Finally, formal property rights are under attack in developed nations, through overly intrusive land use and environmental regulations. It is well to reflect upon the potential for slipping toward a system that allows virtual squatters to seize or nullify property rights through regulation, threatening a principal source of national income.
Wendell Cox
286 von 309 Kunden fanden die folgende Rezension hilfreich
Two Cheers for de Soto 26. November 2000
Von Adam Wasserman - Veröffentlicht auf
Format: Gebundene Ausgabe
Attempts to explain why the 3rd world (and the 2nd world, now that communism has largely collapsed) is different from the developed world tend to fall between two poles. At one end are those who seek an Archimedean point--a single underlying cause which, once grasped, will allow us to quickly move developing countries up the socio-economic ladder. Such explanations have the virtue of being useful to people who actually work in 'development', because they convince us that we know how to produce fundamental change. But they run the risk of oversimplifying and, if taken as a guide to policy, of raising expectations only to see them dashed by the complexities and historical quirkiness of the real world.
At the other pole are holistic, multifaceted explanations, taking into account history, culture, economics, religion--the whole nine yards. Such accounts may be more intellectually satisfying, but often lead to frustration by convincing us that the problems are too complicated, too resistant to quick fixes, for practical solutions.
The Mystery of Capital falls for the most part in the first camp. It's author, Hernando de Soto, is one of the 3rd World's most dedicated and intelligent reformers. He wants desperately to do something to help the poor, and has been heroically influential--and successful--in arguing against the failed statist solutions long in vogue in Latin America. Now he wants to move beyond criticism to a positive agenda for change. De Soto's impeccably pro-capitalist credentials make his initial criticism especially convincing: actual capitalism in most of the world is restricted to a small elite, while most remain on the outside looking in.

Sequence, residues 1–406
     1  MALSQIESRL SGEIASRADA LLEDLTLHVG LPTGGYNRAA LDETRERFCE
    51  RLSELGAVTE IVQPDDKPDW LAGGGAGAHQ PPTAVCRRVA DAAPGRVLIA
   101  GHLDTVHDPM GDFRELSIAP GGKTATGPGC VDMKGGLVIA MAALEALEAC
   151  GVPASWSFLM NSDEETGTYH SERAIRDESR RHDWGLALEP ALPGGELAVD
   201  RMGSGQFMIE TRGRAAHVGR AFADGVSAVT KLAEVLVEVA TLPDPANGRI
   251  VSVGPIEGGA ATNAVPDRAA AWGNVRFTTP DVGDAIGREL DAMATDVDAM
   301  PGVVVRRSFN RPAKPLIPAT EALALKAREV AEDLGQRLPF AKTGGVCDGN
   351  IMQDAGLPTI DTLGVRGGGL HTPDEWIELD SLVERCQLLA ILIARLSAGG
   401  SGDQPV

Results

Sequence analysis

The question is whether de Soto's solution is equally convincing. He does not believe poverty is due to the evil intentions of capitalists or capitalist countries (though he acknowledges that powerful interests in developing countries do not want to make the system more inclusive--a subject which could use more discussion). Nor is it because of culture or any inherent faults in the poor, or in poor countries. No, the real problem lies in a kind of intellectual or historical blindness, which has kept everyone from seeing what the real source of wealth is: real property, or more exactly well-defined and socially accepted property rights. Once a society has this, it has the secret of capital, since these assets can then be used to generate loans, credit, insurance, liabilities and the whole apparatus of capitalism.
It is hard to argue, looking at the real experience of the undeveloped or maldeveloped world, that the lack of property rights is not a huge impediment to economic growth. De Soto and his team have done tremendous work in documenting exactly how this holds back and frustrates the poor and disenfranchised.
But it is equally hard to believe that this is the key or only reason. More accurately, it seems--from de Soto's own account of what is required--that having property rights is a sort of 'meta-cause'. It depends on such a host of other developments in the economy, in society, in the political system (where access historically often depended on property, limited to a few), in the legal system, in the informal norms and mores, that it is hardly practical to point to it as 'the solution' to 3rd world poverty. For this reason, it seems unlikely that simply pointing out that developed countries have complex systems of property rights, though useful, will be enough to allow for the development of similar systems in the developing world.